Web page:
The Iowa Senate has spent much of this (Thursday) morning talking about tougher measures to crackdown on sex offenders, a day after a wide-ranging bill with the same goal cleared the Iowa House. Senator Larry McKibben, a Republican from Marshalltown, held up an eight-by-10-inch picture of the Cedar Rapids girl who was kidnapped, molested and killed and a matching picture of the man who is accused of the crime.”I think it’s very, very clear in the state of Iowa that in a case such as this we have a real weakness by not having a death penalty in this state,” McKibben says. McKibben calls Roger Bentley, the convicted sex offender accused of killing Jetseta Gage, an “animal” and McKibben says he has little sympathy for cops and others in law enforcement who say they need more money to adequately track sex offenders who’re released from prison. “Bunk,” McKibben says. “If you’re a law enforcement person, don’t come to me today and tell me you can’t enforce the law. That’s your job.” McKibben says the death penalty would be a better response than pouring more money into treatment of sex offenders. “How are you going to take care of guy (who is six-feet-one inches tall and 270 pounds) who murders a 10 year old girl?,” McKibben asked, pointing to his enlarged picture of Bentley. McKibben says you can’t “take care” of Bentley without the death penalty. Senator Keith Kreiman, a Democrat from Bloomfield, urged legislators to take a calm, deliberate approach to the problem. “The tragic murder of Jetseta Gage challenges all Republican and Democratic legislators to develop an effective, meaningful response that will prevent future tragedies,” Kreiman says. Kreiman says legislators must look for “common ground” and find out how best to manage convicted sex offenders.
Two former state officials today (Thursday) denounced a plan that backers say will help Iowa communities form municipal utilities to provide the highest-speed Internet access possible. Former State Auditor Richard Johnson predicts the “Opportunity Iowa” group will create the same kind of problems the state ran into when it installed a state-wide fiber optic system known as the Iowa Communications Network. “I watched and was involved with the operation of the ICN. I can see what it is today. I know how difficult it is for the ICN to operate because the state has walked away from it as far as subsidizing its operation,” Johnson says. “I can see the same kind of a problem happening, except local governments wouldn’t be able to walk away.” Johnson says local taxpayers would get saddled with the costs of running a communications system that’s competing with private industry. Gerald Bair the recently-retired director of the Iowa Department of Revenue will serve with Johnson as co-chair of the “Project Taxpayer Protection” group that’s asking legislators to put limits on “Opportunity Iowa.” “The potential there is for not only the cities but the taxpayers to come out on the short end, so we joined up with this ‘Project Taxpayer Protection’ to hopefully get some protective legislation passed that will at least put some safeguards (in the law) regarding ‘Opportunity Iowa,'” Bair says. Former Governor Terry Branstad and the Cedar Rapids businessman who founded MCI are among those touting the “Opportunity Iowa” project. Up to 45 communities across the state may hold referendums in November to explore the idea of a municipal utility that would provide residents with broadband service. An “Opportunity Iowa” spokesman says the goal is to install the kind of high-speed access available in places like Japan and Ireland that’s light years ahead of what’s available from most cable systems or phone companies here.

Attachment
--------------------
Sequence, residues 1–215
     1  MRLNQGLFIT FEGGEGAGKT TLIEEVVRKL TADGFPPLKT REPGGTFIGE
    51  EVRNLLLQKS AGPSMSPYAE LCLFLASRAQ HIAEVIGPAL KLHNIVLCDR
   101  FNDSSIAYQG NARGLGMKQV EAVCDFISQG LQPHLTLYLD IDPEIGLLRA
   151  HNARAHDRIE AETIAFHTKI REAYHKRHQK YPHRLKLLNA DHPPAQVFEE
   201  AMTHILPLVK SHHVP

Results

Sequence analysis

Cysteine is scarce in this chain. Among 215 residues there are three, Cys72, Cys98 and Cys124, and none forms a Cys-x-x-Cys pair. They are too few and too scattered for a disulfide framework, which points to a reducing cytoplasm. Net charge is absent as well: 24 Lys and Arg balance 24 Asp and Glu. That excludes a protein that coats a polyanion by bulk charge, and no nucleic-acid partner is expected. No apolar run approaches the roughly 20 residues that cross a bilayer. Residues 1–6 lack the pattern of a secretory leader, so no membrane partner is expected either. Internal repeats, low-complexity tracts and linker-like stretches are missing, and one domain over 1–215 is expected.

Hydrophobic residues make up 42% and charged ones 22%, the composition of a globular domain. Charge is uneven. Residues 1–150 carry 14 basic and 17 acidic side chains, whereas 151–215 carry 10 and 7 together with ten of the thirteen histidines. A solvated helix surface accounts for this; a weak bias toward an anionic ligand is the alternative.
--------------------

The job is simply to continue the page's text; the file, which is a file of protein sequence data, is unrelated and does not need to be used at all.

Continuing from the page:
The state’s unemployment rate didn’t budge in February despite some increase in jobs. Labor analyst Ann Wagner says the February rate was the same as January at five-point-one percent. She says that rate represents 83-thousand-300 unemployed — up one thousand from last month. Wagner, who’s with the Iowa Workforce Development office, says some industries saw an increase in jobs. She says professional and business services saw the biggest growth, then manufacturing. Wagner says the state lost 500 government jobs and one-thousand in education and health services. Overall she says the new jobs aren’t yet outpacing the losses. She says we’ve recaptured some manufacturing jobs as non-farm jobs are up 19-thousand-200 over the year, but she says there still needs to be faster monthly job growth to bring the unemployment rate down. Wagner says the unemployment rate is a little higher than last year at this time, but the employment picture is better. She says the job market is much improved over a where we were a year ago, but she says that brings in more job seekers once they hear businesses are hiring. Wagner says Iowa’s unemployment rate remains below the national rate, which increased to five-point-four percent in February.